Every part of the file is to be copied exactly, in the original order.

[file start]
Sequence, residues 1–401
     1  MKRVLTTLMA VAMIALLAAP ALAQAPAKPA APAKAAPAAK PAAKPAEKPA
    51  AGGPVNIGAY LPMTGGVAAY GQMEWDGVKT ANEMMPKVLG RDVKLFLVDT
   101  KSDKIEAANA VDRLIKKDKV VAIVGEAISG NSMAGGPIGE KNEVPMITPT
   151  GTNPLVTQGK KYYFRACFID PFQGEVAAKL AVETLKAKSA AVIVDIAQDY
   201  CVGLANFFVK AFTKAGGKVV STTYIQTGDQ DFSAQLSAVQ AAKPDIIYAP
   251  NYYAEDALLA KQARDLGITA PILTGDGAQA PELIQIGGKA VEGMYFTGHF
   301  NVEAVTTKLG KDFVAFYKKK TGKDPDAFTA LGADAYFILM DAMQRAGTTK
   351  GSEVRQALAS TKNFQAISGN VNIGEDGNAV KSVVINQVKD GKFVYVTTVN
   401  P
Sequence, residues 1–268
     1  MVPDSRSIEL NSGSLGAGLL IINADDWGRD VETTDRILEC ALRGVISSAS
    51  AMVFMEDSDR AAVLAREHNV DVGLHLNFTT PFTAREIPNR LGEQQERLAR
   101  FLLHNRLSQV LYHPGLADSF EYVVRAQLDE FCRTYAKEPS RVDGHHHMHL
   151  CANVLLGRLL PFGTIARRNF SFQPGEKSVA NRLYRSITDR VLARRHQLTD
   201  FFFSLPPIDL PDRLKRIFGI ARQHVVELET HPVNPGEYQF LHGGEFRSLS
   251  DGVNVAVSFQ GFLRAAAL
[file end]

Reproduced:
Sequence, residues 1–401
     1  MKRVLTTLMA VAMIALLAAP ALAQAPAKPA APAKAAPAAK PAAKPAEKPA
    51  AGGPVNIGAY LPMTGGVAAY GQMEWDGVKT ANEMMPKVLG RDVKLFLVDT
   101  KSDKIEAANA VDRLIKKDKV VAIVGEAISG NSMAGGPIGE KNEVPMITPT
   151  GTNPLVTQGK KYYFRACFID PFQGEVAAKL AVETLKAKSA AVIVDIAQDY
   201  CVGLANFFVK AFTKAGGKVV STTYIQTGDQ DFSAQLSAVQ AAKPDIIYAP
   251  NYYAEDALLA KQARDLGITA PILTGDGAQA PELIQIGGKA VEGMYFTGHF
   301  NVEAVTTKLG KDFVAFYKKK TGKDPDAFTA LGADAYFILM DAMQRAGTTK
   351  GSEVRQALAS TKNFQAISGN VNIGEDGNAV KSVVINQVKD GKFVYVTTVN
   401  P
Sequence, residues 1–268
     1  MVPDSRSIEL NSGSLGAGLL IINADDWGRD VETTDRILEC ALRGVISSAS
    51  AMVFMEDSDR AAVLAREHNV DVGLHLNFTT PFTAREIPNR LGEQQERLAR
   101  FLLHNRLSQV LYHPGLADSF EYVVRAQLDE FCRTYAKEPS RVDGHHHMHL
   151  CANVLLGRLL PFGTIARRNF SFQPGEKSVA NRLYRSITDR VLARRHQLTD
   201  FFFSLPPIDL PDRLKRIFGI ARQHVVELET HPVNPGEYQF LHGGEFRSLS
   251  DGVNVAVSFQ GFLRAAAL